As post-tropical storm Fiona continued to hammer parts of Newfoundland and Labrador and eastern Quebec with powerful winds and significant storm surge early Sunday, officials across Eastern Canada prepared to begin assessing the full scope of the damage.
As of 4 a.m. local time, nearly 275,000 Nova Scotia Power customers were still affected by outages, 82,415 Maritime Electric customers remained in the dark and more than 21,000 homes and businesses in New Brunswick were without power, with some provincial utility companies warning it could be days before the lights are back on for everyone.
Newfoundland Power reported outages affecting more than 3,600 customers, as high-end tropical storm force winds knocked down trees and power lines.
Environment Canada issued an update early Sunday morning saying Fiona was centred over the northeastern Gulf of St. Lawrence, and was tracking north-northeastward over southeastern Quebec and southeastern Labrador. The agency said the storm was then forecasted to move into the Labrador Sea and dissipate.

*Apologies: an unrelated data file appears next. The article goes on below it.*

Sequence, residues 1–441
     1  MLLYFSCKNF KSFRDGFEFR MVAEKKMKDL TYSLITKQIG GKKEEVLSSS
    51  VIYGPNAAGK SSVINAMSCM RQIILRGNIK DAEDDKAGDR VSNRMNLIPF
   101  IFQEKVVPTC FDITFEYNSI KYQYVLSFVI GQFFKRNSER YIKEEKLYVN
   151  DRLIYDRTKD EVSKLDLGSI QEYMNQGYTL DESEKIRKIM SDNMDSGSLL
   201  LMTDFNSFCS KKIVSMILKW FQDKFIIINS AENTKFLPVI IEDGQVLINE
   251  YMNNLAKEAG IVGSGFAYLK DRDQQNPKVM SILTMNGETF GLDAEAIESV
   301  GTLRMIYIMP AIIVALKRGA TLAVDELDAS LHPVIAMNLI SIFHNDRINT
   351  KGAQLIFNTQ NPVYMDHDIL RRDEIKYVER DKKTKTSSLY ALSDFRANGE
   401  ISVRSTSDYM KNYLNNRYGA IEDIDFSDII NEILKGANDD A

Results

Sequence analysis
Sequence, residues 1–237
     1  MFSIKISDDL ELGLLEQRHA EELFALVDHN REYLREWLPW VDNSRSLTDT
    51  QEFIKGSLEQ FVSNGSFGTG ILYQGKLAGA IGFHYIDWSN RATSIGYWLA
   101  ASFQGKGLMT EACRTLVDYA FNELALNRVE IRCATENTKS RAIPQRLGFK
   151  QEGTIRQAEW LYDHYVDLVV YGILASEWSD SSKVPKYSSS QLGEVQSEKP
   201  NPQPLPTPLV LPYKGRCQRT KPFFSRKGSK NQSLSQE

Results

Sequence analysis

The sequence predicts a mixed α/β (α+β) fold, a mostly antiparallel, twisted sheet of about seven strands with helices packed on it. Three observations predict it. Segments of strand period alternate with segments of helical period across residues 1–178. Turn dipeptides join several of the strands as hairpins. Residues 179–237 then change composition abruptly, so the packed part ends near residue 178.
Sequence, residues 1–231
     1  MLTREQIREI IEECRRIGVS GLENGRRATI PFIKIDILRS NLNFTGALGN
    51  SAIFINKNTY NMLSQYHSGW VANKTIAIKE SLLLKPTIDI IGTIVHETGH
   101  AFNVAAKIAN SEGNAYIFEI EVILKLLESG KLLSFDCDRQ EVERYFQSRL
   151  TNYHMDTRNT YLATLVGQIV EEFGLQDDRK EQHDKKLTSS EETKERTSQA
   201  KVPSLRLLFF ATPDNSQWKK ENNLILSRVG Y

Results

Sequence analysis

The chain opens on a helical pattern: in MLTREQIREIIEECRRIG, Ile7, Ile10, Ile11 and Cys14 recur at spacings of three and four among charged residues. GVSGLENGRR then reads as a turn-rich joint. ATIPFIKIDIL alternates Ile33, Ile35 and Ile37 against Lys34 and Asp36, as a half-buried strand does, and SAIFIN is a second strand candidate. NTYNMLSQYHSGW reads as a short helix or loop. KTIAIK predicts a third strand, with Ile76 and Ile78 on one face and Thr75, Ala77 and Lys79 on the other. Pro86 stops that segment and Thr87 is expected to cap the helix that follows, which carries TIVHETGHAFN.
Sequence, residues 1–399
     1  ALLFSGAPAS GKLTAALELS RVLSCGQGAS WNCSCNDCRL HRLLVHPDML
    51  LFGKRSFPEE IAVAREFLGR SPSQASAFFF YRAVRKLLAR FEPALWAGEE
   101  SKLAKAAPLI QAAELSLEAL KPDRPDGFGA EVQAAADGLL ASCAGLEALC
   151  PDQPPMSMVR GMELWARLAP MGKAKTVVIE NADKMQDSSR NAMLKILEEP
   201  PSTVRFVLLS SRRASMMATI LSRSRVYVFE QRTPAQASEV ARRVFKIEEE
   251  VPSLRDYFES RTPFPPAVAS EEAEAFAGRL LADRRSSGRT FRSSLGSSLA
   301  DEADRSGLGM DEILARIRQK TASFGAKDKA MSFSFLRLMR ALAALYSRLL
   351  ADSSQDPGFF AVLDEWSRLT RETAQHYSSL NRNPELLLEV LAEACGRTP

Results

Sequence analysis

As Fiona continued its path eastward, government officials prepared to survey the damage left behind.
Nova Scotia Premier Tim Houston, along with several members of his cabinet, were scheduled to tour some of the hardest hit areas of Cape Breton by helicopter Sunday morning.
Restoring power after storm Fiona ‘biggest concern’ for Nova Scotia: premier
Prime Minister Justin Trudeau, who cancelled his planned visit to Japan for the state funeral of former prime minister Shinzo Abe, said he will visit as soon as possible, while noting he doesn’t want to displace any emergency teams who are focused on important work on the ground.
Defence Minister Anita Anand said Saturday members of the Canadian Armed Forces had begun preparing to respond before receiving the request for assistance from Nova Scotia, and troops will be deployed to other provinces that ask for help.
No details were provided on the number of troops being deployed, but Anand said reconnaissance was underway to ensure they go where and when they are needed most.
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